The one ingredient in this formulation you may not be familiar with is protocatechuic acid (PCA).
Abundant In Nature: PCA is found throughout nature. It is designated as a phytochemical (plant chemical). It is the primary metabolite of the dyes that give color to plants, fruits and vegetables. These dyes make blueberries blue and cherries red. The parent dyes are called anthocyanins and anthocyanidins. PCA is found in the deciduous tree leaves as they change color in the fall of the year and in pine needles.
Wu Y-P, Liang X, Liu X-Y, Gao H. Cedrus deodara pine needle as a potential source of natural antioxidants: Bioactive constituents and antioxidant activities. Journal of Functional Foods 14:605-612 · April 2015. DOI: 10.1016/j.jff.2015.02.023
In the Daily Human Diet: PCA is found in many foods in the daily human diet. It is in grapes, onion skins, white wine, cherries and blueberries to name a few. It therefore is considered in the category of a Food Supplement.
Produced Normally in the Human Large Bowel: Interestingly, PCA is produced normally in small amounts by the bacteria in the human large bowel.
Multiple Health Benefits: The nature of PCA is that is it has both an anti-inflammatory and an antibiotic property. This very factor minimizes the chance of an adverse effect caused by the A-Cosmetic formulation.
Not a Drug: PCA is not a drug or a pharmaceutical. It is classified as nutraceutical because it is a from a food product containing health-giving additives and having medicinal benefits.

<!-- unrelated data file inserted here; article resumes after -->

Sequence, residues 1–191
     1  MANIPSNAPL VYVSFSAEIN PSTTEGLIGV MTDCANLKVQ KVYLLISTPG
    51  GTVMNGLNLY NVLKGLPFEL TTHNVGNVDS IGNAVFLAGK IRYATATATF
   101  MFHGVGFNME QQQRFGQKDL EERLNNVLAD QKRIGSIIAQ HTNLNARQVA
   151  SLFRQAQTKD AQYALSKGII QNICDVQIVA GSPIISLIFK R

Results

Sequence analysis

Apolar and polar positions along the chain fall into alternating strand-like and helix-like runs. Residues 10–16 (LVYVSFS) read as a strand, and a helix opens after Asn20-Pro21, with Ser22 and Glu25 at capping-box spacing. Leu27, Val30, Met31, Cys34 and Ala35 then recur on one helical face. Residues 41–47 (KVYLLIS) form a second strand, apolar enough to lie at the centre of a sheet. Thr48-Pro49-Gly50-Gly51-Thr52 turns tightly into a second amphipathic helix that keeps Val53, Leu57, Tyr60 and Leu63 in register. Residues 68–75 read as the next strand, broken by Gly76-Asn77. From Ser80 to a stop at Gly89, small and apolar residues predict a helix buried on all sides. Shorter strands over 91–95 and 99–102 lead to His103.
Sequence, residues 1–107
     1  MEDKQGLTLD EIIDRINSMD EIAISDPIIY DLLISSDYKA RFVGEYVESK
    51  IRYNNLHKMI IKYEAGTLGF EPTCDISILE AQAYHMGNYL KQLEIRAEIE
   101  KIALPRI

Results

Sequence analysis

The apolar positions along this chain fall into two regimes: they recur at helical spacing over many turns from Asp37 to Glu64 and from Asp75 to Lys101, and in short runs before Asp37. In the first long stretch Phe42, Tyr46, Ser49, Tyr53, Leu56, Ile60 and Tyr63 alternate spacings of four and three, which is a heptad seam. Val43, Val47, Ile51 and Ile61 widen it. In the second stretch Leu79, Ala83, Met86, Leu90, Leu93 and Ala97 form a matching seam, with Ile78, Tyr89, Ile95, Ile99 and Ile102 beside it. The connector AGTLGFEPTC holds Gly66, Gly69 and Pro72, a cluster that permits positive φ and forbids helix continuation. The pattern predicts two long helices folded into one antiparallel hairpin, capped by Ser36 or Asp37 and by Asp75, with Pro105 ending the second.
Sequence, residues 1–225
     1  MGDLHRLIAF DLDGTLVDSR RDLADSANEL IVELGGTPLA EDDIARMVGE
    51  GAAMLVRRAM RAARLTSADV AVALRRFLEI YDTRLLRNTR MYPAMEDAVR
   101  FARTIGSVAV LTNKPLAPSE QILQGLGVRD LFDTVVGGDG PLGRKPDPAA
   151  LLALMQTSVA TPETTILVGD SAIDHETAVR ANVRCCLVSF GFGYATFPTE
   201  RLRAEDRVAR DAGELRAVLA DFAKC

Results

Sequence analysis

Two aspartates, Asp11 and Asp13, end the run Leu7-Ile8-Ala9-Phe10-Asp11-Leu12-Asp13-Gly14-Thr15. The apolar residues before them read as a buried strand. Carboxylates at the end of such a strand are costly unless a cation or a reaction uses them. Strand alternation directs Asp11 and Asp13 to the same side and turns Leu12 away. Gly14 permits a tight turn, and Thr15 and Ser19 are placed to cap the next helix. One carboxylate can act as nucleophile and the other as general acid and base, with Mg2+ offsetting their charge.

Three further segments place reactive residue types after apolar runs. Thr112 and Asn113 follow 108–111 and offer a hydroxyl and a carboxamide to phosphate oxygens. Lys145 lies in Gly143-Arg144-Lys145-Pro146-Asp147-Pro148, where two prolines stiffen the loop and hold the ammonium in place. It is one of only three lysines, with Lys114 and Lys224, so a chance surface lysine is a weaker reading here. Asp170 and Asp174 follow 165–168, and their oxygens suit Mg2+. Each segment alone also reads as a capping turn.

US Patented: PCA has been granted a US patent as a broad spectrum antibiotic with wound healing properties which not only requires abundant evidence of being novel, but also supporting studies from in vitro laboratory and in vivo animal experiments by certified independent contract laboratories.
The US patent is: 9,498,413 B2 Antimicrobials and methods of use thereof for wound healing. November 22, 2016.
FDA Ruling on Safety: PCA has been designated as Generally Recognized As Safe (GRAS) by the FDA as a flavoring substance.
See page 11 for its FEMA number 4430. PCA is chemically listed by its chemical designation; 3, 4 dihydroxybenzoic acid. Its formula is similar to aspirin, a benzoic acid.
Fang J. Bioavailability of anthocyanins. Drug Metab Rev, 2014; 46(4): 508–520
PCA Produced in Human Body: PCA is normally manufactured by the human colon’s bacteria flora.
Dacre JC, Williams RT. The role of the tissues and gut microorganisms in the metabolism of protocatechuic acid in the rat. Aromatic dehydroxylation. J Pharm Pharmacol 1968. 20:610–618.
Companion Studies on PCA: We presently have an application before the US Environmental Protection Agency for a spray on hard surfaces. This application requires multiple independent contract laboratory studies concerning safety and toxicity. These studies have found the PCA formulation to be safe for skin, eyes, inhalation, etc. The formulation for the EPA has PCA and a vehicle similar to that used for A-Cosmetic.
The Vehicle: It is also necessary that PCA be placed in a carrier or vehicle for application. The vehicles in this formulation are considered safe.
The Route of Application; Caution: The intended route for skin health is a topical application. The solution should not be put in the eyes or mouth. It should not be swallowed. One should take care not put directly in one’s eyes. In fact, because of the alcohol content if one wears reading glasses when applying to the face below, the reading glasses will capture the evaporating alcohol and may temporarily irritate one’s eyes. The solution should not be ingested.
The Time and Frequency of Application: It should be applied once a day, preferably at bed time. This provides the topical PCA to remain in place until morning when it may be removed with washing of the face.
The Concentration: The concentrations in this formulations are considered safe.
No parabens and no sulfates.